In terms of selling my work, Instagram has been an integral platform for me and how I started spreading my work. In 2020 I was asked to create the 5th limited edition artist label for London wine shops Berry Bros & Rudd‘Good Ordinary Claret’, succeeding Paul Smith and Luke Edward-Hall. It was a fantastic project which led to a number of other opportunities and commissions. Last year I was part of the London Creative Network / Space Studios professional development program which helped immensely during the pandemic to feel connected to other artists. I recently attended The Other Art Fair in London in October 2021 which was a great success so hopefully I’ll do it again soon. I am excited to be hosting a workshop with Hospital Rooms, an arts and mental health charity, in February 2022 and in September I will be doing a joint show with Dawn Beckles at 99 Projects Space in Kensal Rise. Hopefully it will be an exciting year!

Detail of Poppy Lennox Design © Demelza Lightfoot Photography

LS: Can you tell me a bit about your artistic practice, your inspirations, the materials you use and the place where you create your works?

PL: I describe what I do as “working with thread” rather than embroidery, because I don’t consider myself an embroiderer. I use a traditional and centuries-old method, but I create something current and contemporary. My interest in sewing began after studying the work of Rachel Whiteread and Colombian artist Doris Salcedo for my thesis. A particular body of work by Salcedo titled “Unland” fascinated me. The work brings together two different tables, creating an elongated shape, with human hair and raw silk sewn through thousands of small holes drilled into the surfaces. This process of sewing this delicate material across a hard surface and binding it is extraordinary.

Sewing my work can take many hours and this meditative process is an important part of every job; not only because it alludes to this idea of ​​repetition and sequencing, but also that by stitching across the hard surface of a wooden “canvas”, the subject of each piece becomes eternally linked to it. The resulting effects are rich, textured works that appear to float in three dimensions from their surface.

Inspiration comes to me in many forms. My eyes are still glued to the stems – I see patterns, symmetries and colors everywhere I go, and my phone is full of notes and pictures of pretty random things! My recent work has explored the geometry of nature – specifically bird wings. I was interested in the idea of ​​flight and movement which is then balanced by the forms bound in their webs of wood – bound and contained somehow. I am currently reading a book called ‘Threads of Life: A History of the World Through the Eye of a Needle’ by Clare Hunter. The importance of embroidery being an integral part of the story – the needle being another form of memory and storytelling. This is something I would like to explore further.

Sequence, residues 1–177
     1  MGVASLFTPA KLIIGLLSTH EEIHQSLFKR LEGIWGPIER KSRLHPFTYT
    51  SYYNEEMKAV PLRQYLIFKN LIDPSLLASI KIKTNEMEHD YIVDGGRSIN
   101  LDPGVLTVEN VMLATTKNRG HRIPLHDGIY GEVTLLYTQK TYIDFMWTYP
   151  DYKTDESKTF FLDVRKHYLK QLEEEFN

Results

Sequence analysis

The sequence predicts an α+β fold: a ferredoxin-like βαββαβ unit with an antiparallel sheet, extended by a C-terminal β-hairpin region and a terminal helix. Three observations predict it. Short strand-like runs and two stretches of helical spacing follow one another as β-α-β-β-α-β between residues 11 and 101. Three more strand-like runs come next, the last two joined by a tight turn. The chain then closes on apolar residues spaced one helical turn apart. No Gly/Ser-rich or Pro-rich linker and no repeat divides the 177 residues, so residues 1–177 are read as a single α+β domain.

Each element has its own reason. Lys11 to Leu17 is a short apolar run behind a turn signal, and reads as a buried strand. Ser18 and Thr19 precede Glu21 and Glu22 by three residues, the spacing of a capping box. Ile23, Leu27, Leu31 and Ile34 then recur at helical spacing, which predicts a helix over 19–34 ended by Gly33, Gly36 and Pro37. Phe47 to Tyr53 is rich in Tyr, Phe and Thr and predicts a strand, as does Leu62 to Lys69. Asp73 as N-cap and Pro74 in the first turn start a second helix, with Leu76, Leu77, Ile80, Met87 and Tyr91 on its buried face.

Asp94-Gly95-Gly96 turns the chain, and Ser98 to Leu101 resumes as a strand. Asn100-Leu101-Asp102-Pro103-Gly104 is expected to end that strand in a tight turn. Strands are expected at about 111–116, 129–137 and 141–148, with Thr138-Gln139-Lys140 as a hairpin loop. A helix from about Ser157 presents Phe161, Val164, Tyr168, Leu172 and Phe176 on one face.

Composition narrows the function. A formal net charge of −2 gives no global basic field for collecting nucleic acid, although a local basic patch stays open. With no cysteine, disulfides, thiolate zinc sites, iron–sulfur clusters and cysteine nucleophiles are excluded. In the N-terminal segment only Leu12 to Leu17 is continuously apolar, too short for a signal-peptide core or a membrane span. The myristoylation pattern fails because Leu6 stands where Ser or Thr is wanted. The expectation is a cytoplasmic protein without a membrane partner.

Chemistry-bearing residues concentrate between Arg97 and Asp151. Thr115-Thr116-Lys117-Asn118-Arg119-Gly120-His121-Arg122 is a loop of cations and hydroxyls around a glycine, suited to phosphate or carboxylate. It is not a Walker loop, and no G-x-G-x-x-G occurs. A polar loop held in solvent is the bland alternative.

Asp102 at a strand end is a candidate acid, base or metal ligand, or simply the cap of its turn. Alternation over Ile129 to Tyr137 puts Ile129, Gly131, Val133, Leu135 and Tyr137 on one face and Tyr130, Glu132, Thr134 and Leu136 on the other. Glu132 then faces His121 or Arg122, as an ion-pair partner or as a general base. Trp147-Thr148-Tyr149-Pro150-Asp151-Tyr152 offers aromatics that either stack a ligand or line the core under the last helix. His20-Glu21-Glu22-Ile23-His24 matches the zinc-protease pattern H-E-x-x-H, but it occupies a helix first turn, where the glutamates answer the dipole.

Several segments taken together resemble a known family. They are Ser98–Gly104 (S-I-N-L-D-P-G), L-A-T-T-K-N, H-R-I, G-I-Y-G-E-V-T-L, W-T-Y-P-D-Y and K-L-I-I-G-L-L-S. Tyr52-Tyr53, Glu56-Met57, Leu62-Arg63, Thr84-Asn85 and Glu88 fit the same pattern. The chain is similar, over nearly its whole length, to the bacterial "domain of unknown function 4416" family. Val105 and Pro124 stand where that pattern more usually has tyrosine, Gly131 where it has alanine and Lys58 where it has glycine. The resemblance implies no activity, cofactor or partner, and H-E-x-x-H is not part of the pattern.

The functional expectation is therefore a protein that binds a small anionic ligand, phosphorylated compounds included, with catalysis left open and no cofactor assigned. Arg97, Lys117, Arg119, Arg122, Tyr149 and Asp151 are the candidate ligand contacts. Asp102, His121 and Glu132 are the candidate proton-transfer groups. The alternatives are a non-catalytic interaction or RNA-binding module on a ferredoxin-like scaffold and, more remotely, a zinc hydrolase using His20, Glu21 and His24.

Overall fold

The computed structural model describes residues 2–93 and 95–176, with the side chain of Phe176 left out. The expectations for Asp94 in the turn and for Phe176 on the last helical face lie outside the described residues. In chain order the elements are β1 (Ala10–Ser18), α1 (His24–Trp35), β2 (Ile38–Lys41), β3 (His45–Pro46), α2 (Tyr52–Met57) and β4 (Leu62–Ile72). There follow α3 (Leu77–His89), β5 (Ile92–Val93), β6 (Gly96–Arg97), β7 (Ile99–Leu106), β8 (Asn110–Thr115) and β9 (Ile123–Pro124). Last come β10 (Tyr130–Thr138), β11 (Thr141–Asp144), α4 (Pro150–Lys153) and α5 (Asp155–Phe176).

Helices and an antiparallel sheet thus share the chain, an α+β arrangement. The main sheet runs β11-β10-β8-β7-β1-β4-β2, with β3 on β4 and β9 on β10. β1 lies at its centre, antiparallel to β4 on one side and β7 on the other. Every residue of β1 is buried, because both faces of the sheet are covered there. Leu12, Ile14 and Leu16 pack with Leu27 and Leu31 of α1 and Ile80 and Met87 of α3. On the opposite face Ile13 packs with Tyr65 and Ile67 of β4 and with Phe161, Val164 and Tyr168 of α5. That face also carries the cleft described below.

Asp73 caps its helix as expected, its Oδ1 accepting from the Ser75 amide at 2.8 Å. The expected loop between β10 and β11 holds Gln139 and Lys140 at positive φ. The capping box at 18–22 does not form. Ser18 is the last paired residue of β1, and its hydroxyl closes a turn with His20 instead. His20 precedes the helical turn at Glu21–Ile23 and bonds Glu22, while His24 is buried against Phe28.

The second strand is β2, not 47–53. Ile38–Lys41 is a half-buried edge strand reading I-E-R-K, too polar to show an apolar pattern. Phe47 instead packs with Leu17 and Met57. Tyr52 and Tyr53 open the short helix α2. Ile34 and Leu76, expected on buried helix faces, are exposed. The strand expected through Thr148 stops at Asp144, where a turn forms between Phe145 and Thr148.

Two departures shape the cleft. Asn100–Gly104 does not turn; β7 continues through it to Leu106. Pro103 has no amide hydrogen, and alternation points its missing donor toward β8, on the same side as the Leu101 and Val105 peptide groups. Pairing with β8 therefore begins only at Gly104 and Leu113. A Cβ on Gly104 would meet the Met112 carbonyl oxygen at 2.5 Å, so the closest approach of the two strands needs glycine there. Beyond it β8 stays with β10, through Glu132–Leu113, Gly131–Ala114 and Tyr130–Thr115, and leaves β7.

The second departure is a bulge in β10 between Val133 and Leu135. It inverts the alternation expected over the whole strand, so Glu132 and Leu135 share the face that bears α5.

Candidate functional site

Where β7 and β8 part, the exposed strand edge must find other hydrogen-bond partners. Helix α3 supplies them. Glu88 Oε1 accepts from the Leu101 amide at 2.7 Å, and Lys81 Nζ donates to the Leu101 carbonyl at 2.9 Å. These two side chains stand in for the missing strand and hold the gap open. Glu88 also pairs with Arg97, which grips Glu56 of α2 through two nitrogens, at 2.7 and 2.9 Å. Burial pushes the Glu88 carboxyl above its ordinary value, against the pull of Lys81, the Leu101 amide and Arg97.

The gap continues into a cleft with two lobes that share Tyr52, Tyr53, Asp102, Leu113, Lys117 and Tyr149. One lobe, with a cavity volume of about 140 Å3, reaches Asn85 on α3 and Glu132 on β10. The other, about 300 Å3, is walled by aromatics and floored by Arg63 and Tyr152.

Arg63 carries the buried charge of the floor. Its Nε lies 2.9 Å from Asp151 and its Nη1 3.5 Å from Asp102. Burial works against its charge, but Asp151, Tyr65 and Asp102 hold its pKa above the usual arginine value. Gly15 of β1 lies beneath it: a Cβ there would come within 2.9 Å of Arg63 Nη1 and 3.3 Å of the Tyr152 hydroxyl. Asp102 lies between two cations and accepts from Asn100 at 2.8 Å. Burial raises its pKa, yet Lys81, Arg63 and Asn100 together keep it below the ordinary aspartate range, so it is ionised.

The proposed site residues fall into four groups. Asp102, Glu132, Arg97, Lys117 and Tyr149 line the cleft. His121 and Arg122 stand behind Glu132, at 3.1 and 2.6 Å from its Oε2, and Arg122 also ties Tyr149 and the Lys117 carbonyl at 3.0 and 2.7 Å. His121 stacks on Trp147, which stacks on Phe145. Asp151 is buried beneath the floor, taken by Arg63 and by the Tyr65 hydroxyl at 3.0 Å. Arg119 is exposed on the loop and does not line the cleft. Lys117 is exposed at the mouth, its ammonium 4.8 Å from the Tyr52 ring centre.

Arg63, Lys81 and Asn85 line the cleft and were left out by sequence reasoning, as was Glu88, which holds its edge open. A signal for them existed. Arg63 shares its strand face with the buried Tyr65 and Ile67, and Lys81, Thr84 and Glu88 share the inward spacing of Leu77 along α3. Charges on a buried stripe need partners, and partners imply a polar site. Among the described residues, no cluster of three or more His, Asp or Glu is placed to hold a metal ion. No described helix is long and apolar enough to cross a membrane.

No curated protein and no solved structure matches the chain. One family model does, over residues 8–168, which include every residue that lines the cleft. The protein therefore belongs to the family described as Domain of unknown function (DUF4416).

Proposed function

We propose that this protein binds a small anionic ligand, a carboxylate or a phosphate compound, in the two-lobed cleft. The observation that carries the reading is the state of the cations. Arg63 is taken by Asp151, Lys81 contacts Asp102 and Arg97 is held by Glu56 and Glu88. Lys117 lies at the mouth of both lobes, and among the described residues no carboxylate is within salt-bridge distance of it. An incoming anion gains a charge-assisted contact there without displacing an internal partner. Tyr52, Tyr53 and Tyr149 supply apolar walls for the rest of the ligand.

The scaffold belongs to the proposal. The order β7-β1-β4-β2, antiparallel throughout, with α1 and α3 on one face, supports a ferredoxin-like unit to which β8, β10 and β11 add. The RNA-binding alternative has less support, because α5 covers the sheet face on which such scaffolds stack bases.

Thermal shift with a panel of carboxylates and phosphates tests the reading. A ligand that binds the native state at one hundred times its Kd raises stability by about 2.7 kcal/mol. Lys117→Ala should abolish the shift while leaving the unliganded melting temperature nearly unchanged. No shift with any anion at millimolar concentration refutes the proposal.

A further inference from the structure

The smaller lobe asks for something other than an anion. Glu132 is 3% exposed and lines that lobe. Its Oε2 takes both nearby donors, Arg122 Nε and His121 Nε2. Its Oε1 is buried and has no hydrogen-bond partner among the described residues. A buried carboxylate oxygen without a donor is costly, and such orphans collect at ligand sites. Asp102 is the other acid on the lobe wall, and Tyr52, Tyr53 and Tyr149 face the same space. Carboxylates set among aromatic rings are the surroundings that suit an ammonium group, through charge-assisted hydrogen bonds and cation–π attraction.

I have a studio at my home in Kensal Rise, at the top of the house and overlooking the rooftops of London. Since we’re on a hill, on a clear day, I can see across London to the Shard. I like having a studio at home but as my work gets bigger and more ambitious I think I might need more space.

Poppy Lennox Design © Demelza Lightfoot Photography

LS: Women have always been underrepresented in the art world, but things seem to be changing gradually. Have you encountered any obstacles as a woman in the art world?

PL: Not directly, no. On the contrary, I feel inclined to create the obstacles myself. I believe women more generally suffer from trust issues and tend to question their abilities and decisions a lot more. I really think it’s a balance and I like to be contemplative and take my time. It’s when it switches to avoidance that I have to control myself!

LS: Would you describe yourself as an illustrator or an artist?

PL: It’s an interesting question and I don’t think I’ve ever thought about defining my work. I guess I illustrate compositions that are a figment of my imagination and so maybe I’m a bit of both?




Lee Sharrock

Lee Sharrock is a global creative PR consultant, independent curator, artist and contributor to FAD, Creative Review, F22, STATE and Soho House Magazine. Lee studied at Norwich University of the Arts, University College London (UCL) and Universita di Bologna, before embarking on a career in the art world and the advertising industry. She began her career at Sotheby’s Auctioneers and worked at the Institute of Contemporary Arts (ICA), M&C Saatchi, Timothy Taylor Gallery and Saatchi & Saatchi before launching Lee Sharrock PR as a bespoke cultural PR consultancy. . Lee is responsible for international communications for the homes of the Serviceplan group. of communication in the